Immunology Experts

Cemalettin Bekpen

Department of Molecular Biology and Genetics
Boğaziçi University


Completing my Ph.D. degree under the direction of Prof. Dr. Jonathan C. Howard, one of the pioneers in immunogenetics, has given me a great perspective about cell genetics and innate immunity. I worked on the comparative genomics and function of the IRG gene family which is involved in cell-autonomous immunity in mice. To do my post-doctoral studies, I moved to Prof. Evan Eichler’s Lab., at the Genome Sciences in University of Washington, Seattle, USA in the beginning of September 2006. During my post doctoral studies, I have studied the functional characterizations of the genes embedded within human core segmental duplication regions. Currently. I am working in Swiss Institute of Allergy and Asthma Research (SIAF) as research associate to study whether any of the human specific gene families involve in immune response in human. In the mean time, I am establishing my research group in the  Department of Molecular Biology and Genetics, Bogazici university, Istanbul Turkey.

Research Interest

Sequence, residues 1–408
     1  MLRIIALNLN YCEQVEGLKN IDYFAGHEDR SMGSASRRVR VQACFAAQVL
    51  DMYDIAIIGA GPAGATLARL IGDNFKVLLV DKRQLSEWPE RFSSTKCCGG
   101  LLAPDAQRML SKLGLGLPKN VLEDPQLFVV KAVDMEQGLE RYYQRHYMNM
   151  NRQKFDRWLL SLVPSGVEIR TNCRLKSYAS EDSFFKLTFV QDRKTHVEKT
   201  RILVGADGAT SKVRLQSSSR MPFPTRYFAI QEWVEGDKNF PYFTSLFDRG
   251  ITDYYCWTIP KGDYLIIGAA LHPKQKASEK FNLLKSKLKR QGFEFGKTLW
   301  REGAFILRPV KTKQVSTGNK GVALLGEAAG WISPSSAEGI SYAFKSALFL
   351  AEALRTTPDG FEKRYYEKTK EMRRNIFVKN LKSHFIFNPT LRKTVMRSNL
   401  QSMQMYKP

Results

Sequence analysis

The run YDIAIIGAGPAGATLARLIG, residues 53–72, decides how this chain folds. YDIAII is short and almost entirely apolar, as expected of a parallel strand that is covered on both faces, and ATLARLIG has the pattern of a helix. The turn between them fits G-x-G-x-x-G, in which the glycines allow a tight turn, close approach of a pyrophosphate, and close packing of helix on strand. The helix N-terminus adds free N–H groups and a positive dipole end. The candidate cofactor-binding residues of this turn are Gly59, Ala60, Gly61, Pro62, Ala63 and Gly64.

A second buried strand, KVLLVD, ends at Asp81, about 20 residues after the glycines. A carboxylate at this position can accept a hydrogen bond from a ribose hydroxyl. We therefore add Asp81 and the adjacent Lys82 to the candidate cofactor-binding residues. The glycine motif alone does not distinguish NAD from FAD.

Most genes in the human genome are found within the orthologous genomic segments. However, small subsets of gene families (n=9) such as morpheus, and LRRc37, which have been subjected to a burst of segmental duplications, are found within the paralogous genomic regions. These gene families are frequently organized around “core” duplicons that has enriched gene expression in human, some of which are evolving under positive selection. These genes are different from classical gene families and share some common characteristics. They are embedded within the core duplicons, and have not been properly studied or annotated because orthologs do not exist in out-group species, and are embedded in complex regions where 1:1 sequence alignments have been problematic. Most of these gene families show different expression pattern when compared to ancestral gene locus. Recent studies indicate that these genes are one of the major contributors to genetic variations between human individuals. Therefore, we propose that these genes represent novel gene families that confer selective advantage in human evolution and are important for human specific diseases. We aim to identify and functionally characterize newly evolved genes that are embedded within human core duplicons. Specifically, we are searching whether any of these human specific gene families involve in immune response in human.

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